If NextMethod() is called in a situation where there is no second class it will return an error. A selection of these errors are shown below so that you know what to look for.

 

3  S4 Classes

3.1  S4 versus S3

Similarities:

  • S4 works in a similar way to S3, but it adds formality and rigour.
  • Methods still belong to functions, not classes.

Differences:

  • Classes have formal definitions which describe their fields and inheritance structures (parent classes).
  • Method dispatch can be based on multiple arguments to a generic function, not just one.
  • There is a special operator, @, for extracting slots (aka fields) from an S4 object.

All S4 related code is stored in the methods package, which is always available when you’re running R interactively, but may not be available when running R in batch mode. For this reason, it’s a good idea to explicitly include library(methods) whenever you’re using S4. 

 

3.2  Defining S4 classes and creating objects

As to defining classes,  in S3 you just need to set class attribute to a (base) object, while in S4 you must define the representation of a class with setClass(), and create a new object with new().

A class has three key properties:

  1. a name: an alpha-numeric string that identifies the class. By convention, S4 class names use UpperCamelCase.
  2. representation: a list of slots (or attributes), giving their names and classes. For example, a person class might be represented by a character name and a numeric age, as follows: representation(name = “character”, age = “numeric”)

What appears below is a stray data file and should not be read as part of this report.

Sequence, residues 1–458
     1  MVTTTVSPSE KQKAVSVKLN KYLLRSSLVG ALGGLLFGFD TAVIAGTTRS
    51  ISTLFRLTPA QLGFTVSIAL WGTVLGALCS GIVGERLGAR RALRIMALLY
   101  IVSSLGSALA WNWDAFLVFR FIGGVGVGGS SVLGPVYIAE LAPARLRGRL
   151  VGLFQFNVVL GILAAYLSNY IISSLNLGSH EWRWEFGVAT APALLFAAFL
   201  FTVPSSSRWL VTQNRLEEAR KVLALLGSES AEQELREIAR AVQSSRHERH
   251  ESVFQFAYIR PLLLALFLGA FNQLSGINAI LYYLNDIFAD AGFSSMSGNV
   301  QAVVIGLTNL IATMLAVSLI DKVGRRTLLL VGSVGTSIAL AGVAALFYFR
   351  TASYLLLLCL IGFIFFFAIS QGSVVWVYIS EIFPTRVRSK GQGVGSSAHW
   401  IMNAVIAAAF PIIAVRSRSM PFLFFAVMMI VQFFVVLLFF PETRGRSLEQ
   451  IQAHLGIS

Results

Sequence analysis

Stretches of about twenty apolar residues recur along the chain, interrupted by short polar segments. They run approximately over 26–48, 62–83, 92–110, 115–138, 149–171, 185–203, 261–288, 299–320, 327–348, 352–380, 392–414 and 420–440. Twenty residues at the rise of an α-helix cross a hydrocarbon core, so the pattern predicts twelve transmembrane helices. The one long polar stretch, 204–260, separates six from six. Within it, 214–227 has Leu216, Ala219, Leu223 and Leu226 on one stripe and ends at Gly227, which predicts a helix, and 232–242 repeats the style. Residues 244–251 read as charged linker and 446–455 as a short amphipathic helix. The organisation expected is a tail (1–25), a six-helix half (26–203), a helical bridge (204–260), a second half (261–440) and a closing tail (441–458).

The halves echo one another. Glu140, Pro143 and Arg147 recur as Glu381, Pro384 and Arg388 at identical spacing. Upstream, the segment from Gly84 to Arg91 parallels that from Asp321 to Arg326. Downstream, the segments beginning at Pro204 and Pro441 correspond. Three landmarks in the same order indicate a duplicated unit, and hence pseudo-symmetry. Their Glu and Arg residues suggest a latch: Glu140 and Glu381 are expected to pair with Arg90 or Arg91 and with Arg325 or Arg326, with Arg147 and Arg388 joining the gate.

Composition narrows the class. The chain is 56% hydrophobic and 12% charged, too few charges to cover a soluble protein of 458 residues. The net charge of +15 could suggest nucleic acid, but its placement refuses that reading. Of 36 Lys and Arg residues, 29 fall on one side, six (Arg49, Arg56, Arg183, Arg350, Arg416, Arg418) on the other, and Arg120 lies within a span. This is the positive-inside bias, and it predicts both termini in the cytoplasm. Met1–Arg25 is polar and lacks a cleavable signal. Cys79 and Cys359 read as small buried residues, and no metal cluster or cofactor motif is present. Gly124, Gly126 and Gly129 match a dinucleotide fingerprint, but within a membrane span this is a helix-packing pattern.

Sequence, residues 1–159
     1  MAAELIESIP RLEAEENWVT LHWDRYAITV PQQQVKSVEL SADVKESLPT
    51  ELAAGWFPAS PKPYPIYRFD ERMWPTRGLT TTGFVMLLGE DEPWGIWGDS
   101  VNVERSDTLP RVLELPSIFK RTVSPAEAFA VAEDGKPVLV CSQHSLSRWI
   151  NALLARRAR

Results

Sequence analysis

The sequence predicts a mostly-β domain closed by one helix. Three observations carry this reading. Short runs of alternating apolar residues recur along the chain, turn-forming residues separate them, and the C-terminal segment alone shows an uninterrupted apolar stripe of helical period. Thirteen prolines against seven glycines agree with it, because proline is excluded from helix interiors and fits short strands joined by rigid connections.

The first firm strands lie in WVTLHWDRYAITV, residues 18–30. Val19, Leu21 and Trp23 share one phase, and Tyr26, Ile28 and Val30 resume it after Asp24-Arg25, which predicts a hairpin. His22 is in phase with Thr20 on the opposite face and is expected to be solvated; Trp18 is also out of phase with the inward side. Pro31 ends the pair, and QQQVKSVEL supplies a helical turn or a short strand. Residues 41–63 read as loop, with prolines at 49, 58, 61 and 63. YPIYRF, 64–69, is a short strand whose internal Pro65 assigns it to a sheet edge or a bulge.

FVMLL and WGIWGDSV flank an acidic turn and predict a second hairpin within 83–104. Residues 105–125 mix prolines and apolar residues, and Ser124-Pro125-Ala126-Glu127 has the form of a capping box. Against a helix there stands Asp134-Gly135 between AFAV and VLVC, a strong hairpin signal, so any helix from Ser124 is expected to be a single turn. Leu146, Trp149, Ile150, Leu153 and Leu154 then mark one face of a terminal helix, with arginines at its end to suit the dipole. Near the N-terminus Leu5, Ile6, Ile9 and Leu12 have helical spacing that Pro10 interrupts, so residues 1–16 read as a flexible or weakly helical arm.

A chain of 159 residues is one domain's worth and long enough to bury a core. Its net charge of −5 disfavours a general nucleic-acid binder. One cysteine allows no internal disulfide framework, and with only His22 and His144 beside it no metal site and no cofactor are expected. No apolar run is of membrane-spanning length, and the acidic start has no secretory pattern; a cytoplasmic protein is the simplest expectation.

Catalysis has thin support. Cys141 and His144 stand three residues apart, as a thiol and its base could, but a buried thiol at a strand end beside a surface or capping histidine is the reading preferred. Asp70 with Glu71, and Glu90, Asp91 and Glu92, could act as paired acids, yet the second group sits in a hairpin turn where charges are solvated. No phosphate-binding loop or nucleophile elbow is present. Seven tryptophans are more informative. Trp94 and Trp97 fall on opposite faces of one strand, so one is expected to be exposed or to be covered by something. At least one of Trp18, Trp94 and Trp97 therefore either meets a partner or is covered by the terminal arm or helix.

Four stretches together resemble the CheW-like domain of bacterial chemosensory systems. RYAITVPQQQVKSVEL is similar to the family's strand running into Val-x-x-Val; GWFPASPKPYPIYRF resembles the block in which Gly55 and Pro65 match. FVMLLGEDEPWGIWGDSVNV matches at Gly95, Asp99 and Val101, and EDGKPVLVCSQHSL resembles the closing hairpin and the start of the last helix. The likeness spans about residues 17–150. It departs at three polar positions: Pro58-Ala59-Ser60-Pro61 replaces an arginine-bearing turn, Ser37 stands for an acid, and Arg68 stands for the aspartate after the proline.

3. a character vector of classes that it inherits from, or in S4 terminology, contains. Note that S4 supports multiple inheritance, but this should be used with extreme caution as it makes method lookup extremely complicated.

In following example, we define a super class Person and a subclass Employee:

Comments:

  • If you omit a slot when creating an instance of a class, it will initiate it with the default object of the class.
  • When creating object of a clas, in addition to using new() function, you can also use the constructor function (with the same name as the calss) if it is defined in the class.
  • Function getSlots() returns a description of all the slots of a class.
  • You can use @ or slot() function to access the slots of a S4 object, but this is not recommended. Indead, you shall define accessor methods for accessing slots.
  • Unlike S3, S4 checks that all of the slots have the correct type, and it throw error when finding type mismatch.

You can specify default values for the slots with default prototype:

Note, in above example, the change of the superclass Person propagates to subclass object mike only after you re-run the definition of subclass Employee. Since R is an interactive programming language, it’s possible to create new classes or redefine existing classes at any time. This can be a problem when you’re interactively experimenting with S4. If you modify a class, make sure you also recreate any objects of that class, otherwise you’ll end up with invalid objects.

Further notes about slots and contains:

  • In slots and contains you can use S4 classes, S3 classes registered with setOldClass(), or the implicit class of a base type.
  • In slots you can also use the special class ANY which does not restrict the input.
  • If an S4 object contains (inherits from) an S3 class or a base type, it will have a special .Data slot which contains the underlying base type or S3 object:

     

3.3  Checking validity

 

 

 

 

 

 

 

3.5  Recongnizing objects, generic functions, and methods

 

 

 

 

 

4  R5 Classes